The present report on Norway is part of the series on 'Investing in Youth' which builds on the expertise of the OECD on youth employment, social support and skills. This series covers both OECD countries and countries in the process of accession to the OECD, as well as some emerging economies. The report provides a detailed diagnosis of youth policies in the areas of education, training, social and employment policies. Its main focus is on young people who are not in employment, education or training (the 'NEETs').Earlier reviews in the same series have looked at youth policies in Brazil (2014), Latvia and Tunisia (2015), Australia, Lithuania and Sweden (2016), Japan (2017).
  • 4-April-2018

    English

    Agro-food economy holds key to a brighter future for young people in developing countries, says new OECD Development Centre study

    Today's world youth population -aged 10 to 24- is 1.8 billion people strong and represents the largest cohort ever transitioning to adulthood. Eighty-eight per cent of them live in developing countries. With the right policies in place, they can be influential actors of economic and social progress.

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  • 3-April-2018

    English, PDF, 2,483kb

    Better Policies for Better Youth Livelihoods: A guidance note for development practitioners

    This guide provides an overview of key challenges faced by youth in the countries studied and that the project considered being priority issue to be addressed urgently by governments and the development community.

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  • 28-March-2018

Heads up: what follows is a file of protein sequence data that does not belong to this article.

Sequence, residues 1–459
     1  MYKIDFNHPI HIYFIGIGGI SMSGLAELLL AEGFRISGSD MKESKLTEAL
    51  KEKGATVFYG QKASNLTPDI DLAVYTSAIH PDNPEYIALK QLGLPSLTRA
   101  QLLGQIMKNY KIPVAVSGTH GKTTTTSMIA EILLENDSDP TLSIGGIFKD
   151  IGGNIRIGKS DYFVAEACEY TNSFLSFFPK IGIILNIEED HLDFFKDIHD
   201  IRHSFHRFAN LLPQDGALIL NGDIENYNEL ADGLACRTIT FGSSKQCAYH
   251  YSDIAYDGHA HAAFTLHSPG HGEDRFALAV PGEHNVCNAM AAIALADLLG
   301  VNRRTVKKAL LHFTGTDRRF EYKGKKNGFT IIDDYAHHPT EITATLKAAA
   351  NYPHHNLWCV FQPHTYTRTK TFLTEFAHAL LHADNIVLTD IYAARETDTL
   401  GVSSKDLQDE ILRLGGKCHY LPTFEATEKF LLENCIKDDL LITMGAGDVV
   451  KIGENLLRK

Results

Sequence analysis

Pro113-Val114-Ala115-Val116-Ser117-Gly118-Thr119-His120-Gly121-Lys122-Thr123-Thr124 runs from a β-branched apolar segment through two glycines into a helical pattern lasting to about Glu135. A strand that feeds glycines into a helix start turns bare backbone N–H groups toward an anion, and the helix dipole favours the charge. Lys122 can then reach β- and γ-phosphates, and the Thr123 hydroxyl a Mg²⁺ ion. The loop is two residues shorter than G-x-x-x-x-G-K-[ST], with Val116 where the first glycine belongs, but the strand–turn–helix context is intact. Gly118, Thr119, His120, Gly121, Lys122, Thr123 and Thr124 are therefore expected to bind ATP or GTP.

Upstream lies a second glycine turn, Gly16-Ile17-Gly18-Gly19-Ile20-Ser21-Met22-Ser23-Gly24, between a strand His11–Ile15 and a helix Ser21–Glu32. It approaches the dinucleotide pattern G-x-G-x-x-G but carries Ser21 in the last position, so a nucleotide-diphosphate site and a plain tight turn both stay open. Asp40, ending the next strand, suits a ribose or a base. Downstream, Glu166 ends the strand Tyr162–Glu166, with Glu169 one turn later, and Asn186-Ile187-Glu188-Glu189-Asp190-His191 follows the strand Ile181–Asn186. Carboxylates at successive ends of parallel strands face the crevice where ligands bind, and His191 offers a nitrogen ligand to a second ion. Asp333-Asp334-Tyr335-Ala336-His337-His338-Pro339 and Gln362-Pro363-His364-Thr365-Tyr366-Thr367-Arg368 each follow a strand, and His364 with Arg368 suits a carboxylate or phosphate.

English

    Togo: Launch of the Youth Well-being Policy Review of Togo, 14 March 2018, Lomé

    The OECD Development Centre, together with the Ministry of Grassroots Development, Crafts, Youth, and Youth Employment (MDBAJEJ) and the Delegation of the European Union to Togo organised an event in Lomé on 14 March 2018 to present the key findings and recommendations of the Youth Well-being Policy Review of Togo and to develop a roadmap identifying the key actions needed to implement the recommendations of the study.

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  • 21-March-2018

    English

    Implementing the OECD Principles on Water Governance - Indicator Framework and Evolving Practices

    Water and its improved governance are critical for economic growth, social inclusiveness and environmental sustainability. Three years after the adoption of the OECD Water Governance Principles, this report takes stock of their use and dissemination. It provides a water governance indicator framework and a set of evolving practices for bench-learning, building on lessons learned from different countries and contexts.
     
    Based on an extensive bottom up and multi-stakeholder process within the OECD Water Governance Initiative (WGI), these tools are conceived of as voluntary methodologies to be carried out at country, region, basin and/or city levels to improve water policies. The indicator framework is composed of a traffic light system based on 36 input and process indicators and a checklist with questions on a number of more specific governance conditions. The framework concludes with an action plan to help prioritise steps towards better design and implementation of water policies.
  • 14-March-2018

    English, PDF, 4,533kb

    Empowering women in the digital age: Where do we stand?

    New digital tools are empowering, and can serve to support a new source of inclusive global economic growth. Now is the time to take use the digital transformation to ensure it represents a leapfrog opportunity for women and a chance to build a more inclusive digital world. This brochure represents a preliminary effort by the OECD, working with the G20, to broaden the evidence base.